They lived in Founders Grove

In 2018 I was a retired librarian and volunteer at the McLean County Museum of History when I was asked if I would be willing to take on a paid position at the Museum with a new project. I was thrilled to be asked and accepted the position immediately.

The project was to digitize and preserve the negatives that the Museum had received from the Pantagraph nearly eight years before. A grant from the State Library made the project possible -- it would pay for the images to be digitized and a salary for a person (me) to add metadata to the images to make them findable by the public. This was a thrilling project -- the collection included an estimated million negatives and would provide us with a visual history of our county -- as well as many surrounding counties. I was accepting the role of interpreting each image and finding, if possible, the story behind it. 

The other part of the grant gave us a space on the Illinois Digital Archive to display the images and access to a data management platform for the images and metadata. Although the initial grant has been used up and completed, we continue to have access to the data management platform and the Illinois Digital Archive to add more images under a federal grant from the IMLS, thanks to the State of Illinois Library.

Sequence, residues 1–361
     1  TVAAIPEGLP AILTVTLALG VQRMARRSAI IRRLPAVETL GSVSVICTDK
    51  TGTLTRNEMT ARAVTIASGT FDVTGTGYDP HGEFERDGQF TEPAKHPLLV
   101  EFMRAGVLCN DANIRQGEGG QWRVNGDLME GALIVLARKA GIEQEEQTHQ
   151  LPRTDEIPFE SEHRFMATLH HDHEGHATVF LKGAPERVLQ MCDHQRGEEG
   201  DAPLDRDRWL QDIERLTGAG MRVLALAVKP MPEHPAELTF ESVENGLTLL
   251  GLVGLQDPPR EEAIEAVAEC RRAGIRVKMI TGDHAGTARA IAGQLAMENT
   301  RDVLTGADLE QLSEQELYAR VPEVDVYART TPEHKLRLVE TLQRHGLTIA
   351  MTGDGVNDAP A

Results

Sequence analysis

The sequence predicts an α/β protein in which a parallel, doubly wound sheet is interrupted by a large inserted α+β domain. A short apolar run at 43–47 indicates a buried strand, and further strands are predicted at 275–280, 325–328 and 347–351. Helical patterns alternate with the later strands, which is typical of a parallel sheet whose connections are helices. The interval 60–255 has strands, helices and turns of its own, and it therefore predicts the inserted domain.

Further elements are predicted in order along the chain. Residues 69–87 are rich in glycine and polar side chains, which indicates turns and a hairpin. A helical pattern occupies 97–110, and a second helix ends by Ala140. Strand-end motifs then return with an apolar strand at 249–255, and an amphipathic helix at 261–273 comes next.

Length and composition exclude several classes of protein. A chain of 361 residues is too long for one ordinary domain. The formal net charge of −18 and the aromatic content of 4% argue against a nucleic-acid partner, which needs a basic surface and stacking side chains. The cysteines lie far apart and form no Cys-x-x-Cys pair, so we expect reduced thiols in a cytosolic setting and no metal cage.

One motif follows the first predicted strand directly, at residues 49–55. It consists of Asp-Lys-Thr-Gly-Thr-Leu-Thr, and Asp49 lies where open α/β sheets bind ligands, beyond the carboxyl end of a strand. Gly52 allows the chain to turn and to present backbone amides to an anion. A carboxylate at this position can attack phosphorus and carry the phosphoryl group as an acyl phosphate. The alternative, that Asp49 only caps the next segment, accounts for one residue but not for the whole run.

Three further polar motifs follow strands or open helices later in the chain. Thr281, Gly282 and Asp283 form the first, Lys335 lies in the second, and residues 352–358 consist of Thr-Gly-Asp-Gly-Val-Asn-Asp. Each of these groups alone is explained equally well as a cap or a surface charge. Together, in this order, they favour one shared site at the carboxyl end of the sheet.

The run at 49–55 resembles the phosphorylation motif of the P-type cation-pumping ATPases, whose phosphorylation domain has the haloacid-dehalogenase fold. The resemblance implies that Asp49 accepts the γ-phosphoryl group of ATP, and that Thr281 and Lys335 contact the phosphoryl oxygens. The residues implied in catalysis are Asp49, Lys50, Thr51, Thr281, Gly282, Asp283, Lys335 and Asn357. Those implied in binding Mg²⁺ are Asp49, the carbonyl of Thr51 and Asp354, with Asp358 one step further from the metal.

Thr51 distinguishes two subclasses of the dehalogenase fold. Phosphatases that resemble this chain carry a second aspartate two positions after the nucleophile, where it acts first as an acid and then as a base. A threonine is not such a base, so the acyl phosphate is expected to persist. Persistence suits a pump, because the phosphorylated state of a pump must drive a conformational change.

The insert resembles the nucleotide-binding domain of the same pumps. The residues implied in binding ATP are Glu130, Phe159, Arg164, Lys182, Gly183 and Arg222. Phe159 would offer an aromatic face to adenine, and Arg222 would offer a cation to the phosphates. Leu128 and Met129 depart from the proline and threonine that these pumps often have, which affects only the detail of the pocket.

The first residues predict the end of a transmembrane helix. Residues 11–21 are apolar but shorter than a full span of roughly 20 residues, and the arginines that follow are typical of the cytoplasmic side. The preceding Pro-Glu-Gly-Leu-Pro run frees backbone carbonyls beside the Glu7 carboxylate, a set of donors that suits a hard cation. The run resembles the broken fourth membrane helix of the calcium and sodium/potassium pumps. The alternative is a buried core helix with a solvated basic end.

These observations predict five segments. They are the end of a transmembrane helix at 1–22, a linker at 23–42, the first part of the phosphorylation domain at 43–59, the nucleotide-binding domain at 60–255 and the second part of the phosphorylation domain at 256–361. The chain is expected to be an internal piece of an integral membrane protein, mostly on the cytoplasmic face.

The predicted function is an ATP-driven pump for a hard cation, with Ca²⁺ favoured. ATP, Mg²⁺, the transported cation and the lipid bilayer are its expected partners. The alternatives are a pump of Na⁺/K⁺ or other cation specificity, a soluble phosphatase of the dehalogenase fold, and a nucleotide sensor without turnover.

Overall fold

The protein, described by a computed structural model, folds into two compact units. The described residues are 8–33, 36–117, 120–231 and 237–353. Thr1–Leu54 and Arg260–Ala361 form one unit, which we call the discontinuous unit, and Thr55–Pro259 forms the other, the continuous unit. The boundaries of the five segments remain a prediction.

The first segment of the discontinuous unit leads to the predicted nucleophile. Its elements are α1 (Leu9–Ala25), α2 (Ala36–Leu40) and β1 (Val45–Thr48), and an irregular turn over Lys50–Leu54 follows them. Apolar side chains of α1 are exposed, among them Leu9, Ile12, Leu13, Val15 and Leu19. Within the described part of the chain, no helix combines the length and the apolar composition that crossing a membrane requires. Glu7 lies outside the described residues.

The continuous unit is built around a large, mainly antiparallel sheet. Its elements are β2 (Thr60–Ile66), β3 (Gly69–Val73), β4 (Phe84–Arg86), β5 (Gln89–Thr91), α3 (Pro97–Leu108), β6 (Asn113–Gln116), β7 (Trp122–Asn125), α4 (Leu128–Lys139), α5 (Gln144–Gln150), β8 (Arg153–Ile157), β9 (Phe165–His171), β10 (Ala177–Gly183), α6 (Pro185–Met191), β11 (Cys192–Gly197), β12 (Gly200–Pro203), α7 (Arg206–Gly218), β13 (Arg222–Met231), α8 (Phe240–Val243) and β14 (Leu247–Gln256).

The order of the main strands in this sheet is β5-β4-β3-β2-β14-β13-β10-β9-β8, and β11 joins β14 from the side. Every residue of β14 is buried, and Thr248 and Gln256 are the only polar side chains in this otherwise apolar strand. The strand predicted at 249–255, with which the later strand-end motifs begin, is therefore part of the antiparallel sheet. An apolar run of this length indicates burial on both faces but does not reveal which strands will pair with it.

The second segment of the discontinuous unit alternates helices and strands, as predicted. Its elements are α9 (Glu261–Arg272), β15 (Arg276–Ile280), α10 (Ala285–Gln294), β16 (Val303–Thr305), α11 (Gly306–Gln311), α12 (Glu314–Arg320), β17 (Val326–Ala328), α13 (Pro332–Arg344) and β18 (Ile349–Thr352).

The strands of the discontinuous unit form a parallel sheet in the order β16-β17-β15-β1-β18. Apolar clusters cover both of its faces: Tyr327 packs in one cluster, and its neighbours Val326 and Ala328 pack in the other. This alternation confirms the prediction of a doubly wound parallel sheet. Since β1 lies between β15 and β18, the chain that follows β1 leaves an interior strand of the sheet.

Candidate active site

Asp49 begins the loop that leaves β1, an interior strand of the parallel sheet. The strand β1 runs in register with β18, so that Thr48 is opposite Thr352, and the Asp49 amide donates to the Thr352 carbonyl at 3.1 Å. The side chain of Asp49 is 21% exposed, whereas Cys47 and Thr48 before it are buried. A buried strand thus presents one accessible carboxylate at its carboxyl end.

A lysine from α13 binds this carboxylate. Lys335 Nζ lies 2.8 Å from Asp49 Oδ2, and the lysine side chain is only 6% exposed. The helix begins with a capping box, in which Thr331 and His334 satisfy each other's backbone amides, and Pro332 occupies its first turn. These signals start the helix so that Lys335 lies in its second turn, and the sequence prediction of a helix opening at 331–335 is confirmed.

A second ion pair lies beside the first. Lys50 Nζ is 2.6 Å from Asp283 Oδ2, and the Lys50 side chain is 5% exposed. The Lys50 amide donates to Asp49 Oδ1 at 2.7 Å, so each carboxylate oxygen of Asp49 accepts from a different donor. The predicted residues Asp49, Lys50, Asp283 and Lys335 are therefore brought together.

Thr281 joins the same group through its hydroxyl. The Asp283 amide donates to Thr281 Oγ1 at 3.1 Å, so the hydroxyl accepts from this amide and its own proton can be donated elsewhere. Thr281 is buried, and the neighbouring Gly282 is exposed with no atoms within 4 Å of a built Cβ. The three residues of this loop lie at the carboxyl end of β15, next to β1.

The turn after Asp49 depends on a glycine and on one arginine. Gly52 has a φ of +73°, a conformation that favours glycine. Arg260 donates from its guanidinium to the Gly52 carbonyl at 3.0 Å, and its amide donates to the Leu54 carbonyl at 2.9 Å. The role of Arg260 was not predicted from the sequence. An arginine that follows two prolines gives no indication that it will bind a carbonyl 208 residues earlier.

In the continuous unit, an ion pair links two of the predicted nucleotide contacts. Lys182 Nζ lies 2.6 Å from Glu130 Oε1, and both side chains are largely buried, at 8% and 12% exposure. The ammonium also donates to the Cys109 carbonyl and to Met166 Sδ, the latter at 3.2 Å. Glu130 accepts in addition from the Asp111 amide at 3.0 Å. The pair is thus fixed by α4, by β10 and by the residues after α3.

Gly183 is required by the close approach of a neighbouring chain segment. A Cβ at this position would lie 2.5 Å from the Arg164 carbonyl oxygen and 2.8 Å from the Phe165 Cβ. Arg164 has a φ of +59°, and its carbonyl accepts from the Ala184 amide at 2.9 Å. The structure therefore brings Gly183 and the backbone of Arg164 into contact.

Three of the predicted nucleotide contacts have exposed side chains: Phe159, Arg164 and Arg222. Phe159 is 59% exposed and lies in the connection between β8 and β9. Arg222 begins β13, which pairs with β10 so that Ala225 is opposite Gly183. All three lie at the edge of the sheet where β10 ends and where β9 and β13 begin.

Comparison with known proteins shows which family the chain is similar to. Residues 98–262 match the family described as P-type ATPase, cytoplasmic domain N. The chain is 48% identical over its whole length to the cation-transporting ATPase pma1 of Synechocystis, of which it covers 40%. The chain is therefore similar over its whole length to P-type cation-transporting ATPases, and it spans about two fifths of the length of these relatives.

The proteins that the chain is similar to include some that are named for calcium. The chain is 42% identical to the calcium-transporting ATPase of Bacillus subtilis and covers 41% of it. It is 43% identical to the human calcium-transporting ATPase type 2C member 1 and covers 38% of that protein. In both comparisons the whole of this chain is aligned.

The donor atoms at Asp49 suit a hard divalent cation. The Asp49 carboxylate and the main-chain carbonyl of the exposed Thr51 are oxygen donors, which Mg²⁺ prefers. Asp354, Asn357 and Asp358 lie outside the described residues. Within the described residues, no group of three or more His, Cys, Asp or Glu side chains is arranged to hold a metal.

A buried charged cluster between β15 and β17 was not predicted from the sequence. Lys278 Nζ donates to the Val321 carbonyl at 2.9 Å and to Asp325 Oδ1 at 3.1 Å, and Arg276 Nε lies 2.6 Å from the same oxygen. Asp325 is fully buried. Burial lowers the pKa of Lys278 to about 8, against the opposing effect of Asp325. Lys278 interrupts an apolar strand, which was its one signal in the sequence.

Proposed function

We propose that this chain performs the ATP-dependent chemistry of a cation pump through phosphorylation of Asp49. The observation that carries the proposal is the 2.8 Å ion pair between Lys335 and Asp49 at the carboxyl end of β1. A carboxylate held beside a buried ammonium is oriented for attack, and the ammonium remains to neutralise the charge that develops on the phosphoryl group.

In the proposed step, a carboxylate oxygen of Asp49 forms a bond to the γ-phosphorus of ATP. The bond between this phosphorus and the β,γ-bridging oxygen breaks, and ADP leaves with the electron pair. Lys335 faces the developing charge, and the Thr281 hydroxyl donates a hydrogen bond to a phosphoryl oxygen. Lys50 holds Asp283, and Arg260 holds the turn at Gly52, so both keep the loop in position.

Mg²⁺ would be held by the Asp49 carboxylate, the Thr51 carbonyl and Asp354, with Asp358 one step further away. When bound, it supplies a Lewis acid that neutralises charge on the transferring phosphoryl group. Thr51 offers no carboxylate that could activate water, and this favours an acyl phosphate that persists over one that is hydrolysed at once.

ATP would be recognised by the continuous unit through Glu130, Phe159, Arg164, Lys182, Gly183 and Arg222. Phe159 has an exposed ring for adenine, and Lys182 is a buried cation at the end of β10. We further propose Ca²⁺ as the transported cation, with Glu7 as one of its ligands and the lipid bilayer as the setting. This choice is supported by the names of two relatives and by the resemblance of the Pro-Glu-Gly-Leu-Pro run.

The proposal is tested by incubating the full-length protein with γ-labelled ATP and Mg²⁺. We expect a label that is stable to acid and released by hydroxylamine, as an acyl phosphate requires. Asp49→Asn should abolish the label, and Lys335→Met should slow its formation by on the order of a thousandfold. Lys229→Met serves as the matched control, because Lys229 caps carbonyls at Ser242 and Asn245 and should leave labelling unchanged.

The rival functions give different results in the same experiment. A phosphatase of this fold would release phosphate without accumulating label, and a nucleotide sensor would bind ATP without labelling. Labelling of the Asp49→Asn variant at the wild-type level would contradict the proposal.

The collection, due its size, has been divided into time periods and now covers the period from 1932 to 1949. It is a visual record of two fascinating periods of history -- the Great Depression and World War II. 

Founders Grove was a neighborhood that had existed for many decades already, but was still a new "suburb" of Bloomington where new houses were being built  and where some of the most influential people of the city lived. We will not find the story of the disadvantaged people of Bloomington here -- except at the Girls' Industrial Home (Lucy Orme Morgan Home). But we do see  who lived here, what they did and what life looked like. Perhaps you will see someone who lived in your house, or even inside your own house 80 or 90 years ago.